Presentation on theme: "Jason R. Dorvee and Dr. Michael J. Sailor University of California, San Diego 3 mm The chemical sensing robot senses chemicals by sensing light intensity."— Presentation transcript:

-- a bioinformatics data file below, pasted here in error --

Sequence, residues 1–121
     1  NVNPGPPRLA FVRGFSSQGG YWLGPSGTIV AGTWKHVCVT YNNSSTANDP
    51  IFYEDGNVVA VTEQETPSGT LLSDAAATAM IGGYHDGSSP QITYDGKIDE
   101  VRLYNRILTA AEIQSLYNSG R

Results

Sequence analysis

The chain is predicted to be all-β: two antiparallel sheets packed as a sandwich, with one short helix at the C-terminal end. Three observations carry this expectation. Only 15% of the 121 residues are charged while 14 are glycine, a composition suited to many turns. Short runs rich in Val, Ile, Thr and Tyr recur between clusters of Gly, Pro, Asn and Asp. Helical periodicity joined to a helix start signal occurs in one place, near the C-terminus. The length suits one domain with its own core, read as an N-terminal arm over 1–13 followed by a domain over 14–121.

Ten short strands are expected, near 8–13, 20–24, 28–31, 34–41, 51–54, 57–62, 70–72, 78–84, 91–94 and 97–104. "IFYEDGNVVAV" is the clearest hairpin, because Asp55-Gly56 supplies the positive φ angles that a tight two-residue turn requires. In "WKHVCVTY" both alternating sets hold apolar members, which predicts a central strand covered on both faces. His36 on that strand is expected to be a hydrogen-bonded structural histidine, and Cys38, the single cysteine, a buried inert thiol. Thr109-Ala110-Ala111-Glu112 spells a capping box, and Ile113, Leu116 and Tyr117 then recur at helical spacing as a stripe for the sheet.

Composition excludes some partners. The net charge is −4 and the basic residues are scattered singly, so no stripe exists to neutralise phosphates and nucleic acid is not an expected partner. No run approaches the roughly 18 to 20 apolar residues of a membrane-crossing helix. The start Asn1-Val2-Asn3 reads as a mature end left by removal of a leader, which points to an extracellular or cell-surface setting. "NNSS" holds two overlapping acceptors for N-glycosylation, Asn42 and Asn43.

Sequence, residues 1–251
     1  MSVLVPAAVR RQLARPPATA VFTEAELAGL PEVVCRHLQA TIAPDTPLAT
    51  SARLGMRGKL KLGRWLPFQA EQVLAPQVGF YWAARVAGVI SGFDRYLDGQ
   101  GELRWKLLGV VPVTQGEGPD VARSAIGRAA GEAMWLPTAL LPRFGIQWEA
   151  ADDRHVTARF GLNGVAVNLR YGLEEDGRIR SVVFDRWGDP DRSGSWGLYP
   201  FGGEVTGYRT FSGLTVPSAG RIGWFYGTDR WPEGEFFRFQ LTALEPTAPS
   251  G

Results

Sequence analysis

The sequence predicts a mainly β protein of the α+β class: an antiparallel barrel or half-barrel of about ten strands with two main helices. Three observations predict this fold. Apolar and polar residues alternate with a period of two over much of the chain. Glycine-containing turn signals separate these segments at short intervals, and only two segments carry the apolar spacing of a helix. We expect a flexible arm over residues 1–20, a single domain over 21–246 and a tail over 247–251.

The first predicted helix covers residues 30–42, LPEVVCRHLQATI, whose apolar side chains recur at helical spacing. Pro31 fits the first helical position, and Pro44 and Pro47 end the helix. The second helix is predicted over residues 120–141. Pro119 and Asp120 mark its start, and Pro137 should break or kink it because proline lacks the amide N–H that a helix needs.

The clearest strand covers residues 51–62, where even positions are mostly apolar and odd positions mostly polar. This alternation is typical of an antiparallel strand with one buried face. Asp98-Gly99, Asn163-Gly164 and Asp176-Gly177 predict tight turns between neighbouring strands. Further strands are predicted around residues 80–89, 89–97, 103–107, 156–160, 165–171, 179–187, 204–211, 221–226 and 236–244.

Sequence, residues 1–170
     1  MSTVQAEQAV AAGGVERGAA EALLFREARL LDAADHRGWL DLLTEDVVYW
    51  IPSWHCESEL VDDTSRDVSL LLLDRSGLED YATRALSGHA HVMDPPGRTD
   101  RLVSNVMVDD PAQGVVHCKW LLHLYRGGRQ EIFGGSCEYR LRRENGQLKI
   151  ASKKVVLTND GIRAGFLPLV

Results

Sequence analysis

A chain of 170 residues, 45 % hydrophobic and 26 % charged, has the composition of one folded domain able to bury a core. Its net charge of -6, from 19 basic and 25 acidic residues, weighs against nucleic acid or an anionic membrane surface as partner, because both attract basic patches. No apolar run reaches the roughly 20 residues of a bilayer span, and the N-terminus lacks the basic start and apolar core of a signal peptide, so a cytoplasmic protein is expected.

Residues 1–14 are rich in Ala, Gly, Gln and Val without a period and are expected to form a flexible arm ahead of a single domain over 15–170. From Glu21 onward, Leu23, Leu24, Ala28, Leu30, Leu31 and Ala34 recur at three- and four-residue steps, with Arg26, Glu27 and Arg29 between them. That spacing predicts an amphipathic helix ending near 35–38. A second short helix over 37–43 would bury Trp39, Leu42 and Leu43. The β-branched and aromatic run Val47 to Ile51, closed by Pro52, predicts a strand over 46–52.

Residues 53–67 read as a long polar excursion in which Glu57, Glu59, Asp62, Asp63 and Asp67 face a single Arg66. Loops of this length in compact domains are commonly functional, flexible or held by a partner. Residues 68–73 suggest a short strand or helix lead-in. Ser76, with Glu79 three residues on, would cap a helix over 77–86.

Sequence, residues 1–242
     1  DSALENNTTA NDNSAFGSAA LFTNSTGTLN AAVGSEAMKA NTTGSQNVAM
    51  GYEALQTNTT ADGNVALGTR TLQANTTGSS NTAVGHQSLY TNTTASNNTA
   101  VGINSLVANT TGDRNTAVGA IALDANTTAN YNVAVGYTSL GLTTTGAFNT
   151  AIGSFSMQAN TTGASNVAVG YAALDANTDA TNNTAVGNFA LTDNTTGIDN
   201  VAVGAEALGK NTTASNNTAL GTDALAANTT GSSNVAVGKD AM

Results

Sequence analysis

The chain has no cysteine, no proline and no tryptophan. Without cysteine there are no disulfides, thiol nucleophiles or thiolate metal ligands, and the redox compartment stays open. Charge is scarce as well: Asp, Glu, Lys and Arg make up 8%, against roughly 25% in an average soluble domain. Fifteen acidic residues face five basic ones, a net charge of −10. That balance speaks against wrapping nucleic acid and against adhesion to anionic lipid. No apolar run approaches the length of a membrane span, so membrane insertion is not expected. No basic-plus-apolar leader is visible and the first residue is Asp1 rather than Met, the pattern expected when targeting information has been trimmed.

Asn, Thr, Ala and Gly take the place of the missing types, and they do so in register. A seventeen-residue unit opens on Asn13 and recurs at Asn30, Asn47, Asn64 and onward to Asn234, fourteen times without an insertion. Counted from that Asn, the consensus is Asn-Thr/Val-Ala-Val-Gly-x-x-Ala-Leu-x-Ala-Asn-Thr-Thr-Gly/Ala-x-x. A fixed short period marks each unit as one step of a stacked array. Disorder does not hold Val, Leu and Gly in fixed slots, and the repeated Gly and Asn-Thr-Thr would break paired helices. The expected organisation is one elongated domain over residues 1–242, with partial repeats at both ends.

Jason R. Dorvee and Dr. Michael J. Sailor University of California, San Diego 3 mm The chemical sensing robot senses chemicals by sensing light intensity. The robot uses two phototransistors, each covered with a porous silicon film as the chemical detector. In a steady state the phototransistors appear as closed circuits allowing current to pass through them causing only one motor to turn. In a darkened state the phototransistors appear as open circuits allowing current to pass through the bistable multi-vibrator system. The robot memorizes which side of the chemical it is on, so when the right sensor is on the left motor is activated, and when the left sensor is on the right motor is activated, when both sensors are on both motors are activated. Current to the motors is amplified via transistors (TR3 & TR5, TR4 & TR6). A separate battery is used for the motors to prevent electrical noise from affecting the sensor circuit. Porous Silicon lift-off films can be sonicated into dust particles and chemically modified to target the interfaces between different kinds of chemicals. Further modification to these particles allow them to be influenced by magnetic fields. Particles can not only be moved to, and made to gather around a particular chemical of interest, but once they have attached to the interface they can be used to transport and/or mix various chemicals. The particles can also be encoded with specific barcodes to identify and label individual chemicals. Red LED Lift-Off Film Phototransisto r Small Low Powered Sensor Using A Porous Silicon Rugate Lift-Off film FLOW OUT FLOW IN Wavelength (nm) Si-R R-Si Si-R R-Si +A Chemical Sensing with porous silicon photonic crystal: After stabilization and functionalization, the porous silicon exhibits a given reflectivity spectrum. Upon introduction of a targeted analyte, the refractive index of the crystal changes, leading to a shift in the reflectivity spectrum. n }d}d I 4I 0 cos 2 (2 nd ) Intensity Porous Silicon Synthesis 2Si + 6HF + 2h + Si H Porous Si Surface + H 2 SiF 6 + 2H + + 1/2 H 2 Electron microscope image of porous Si. Side view of porous Si electrochemically etched into a single crystal Si wafer. Background: Properties of Porous Silicon; Canham, L., Ed.; EMIS Datareviews, INSPEC: London, 1997; Vol. 18. Etch Assembly. Schematic of teflon etch cell used to electrochemically treat silicon in its conversion to porous silicon Red LED 652nm Red Rugate Chip in air 655nm Red Rugate Chip in ~59 Torr Ethanol 725nm Reflectance Spectra Using A Tungsten White-Light Source In air, the Red PSi Rugate reflects at 655nm, in-line with a 652nm Red LED. As ethanol vapor condenses and fills the pores the reflectance of the rugate shifts away from the LED, and reflects at 725nm. Reflectance Spectra Using Red LED Light Source at 652nm Chip in ~59 Torr Ethanol MINIMUM REFLECTANCE Chip in air (655nm) MAXIMUM REFLECTANCE In air, the Red PSi Rugate, in-line with a Red LED yields a maximum reflectance value of the LED light source as it is reflected off the chip. As ethanol vapor condenses and fills the pores the reflectance of the rugate shifts away from the LED, yielding a minimum reflectance of the LED light source. DMMP at 31ppm N2N2 DMMP at 31ppm DMMP at 31ppm N2N2 N2N2 Toluene at 2,750ppm N2N2 Toluene at 2,750ppm N2N2 Toluene at 2,750ppm N2N2 *Smart Dust is a term developed by Kris Pister at UC Berkeley to describe millimeter and sub-milimeter MEMS devices.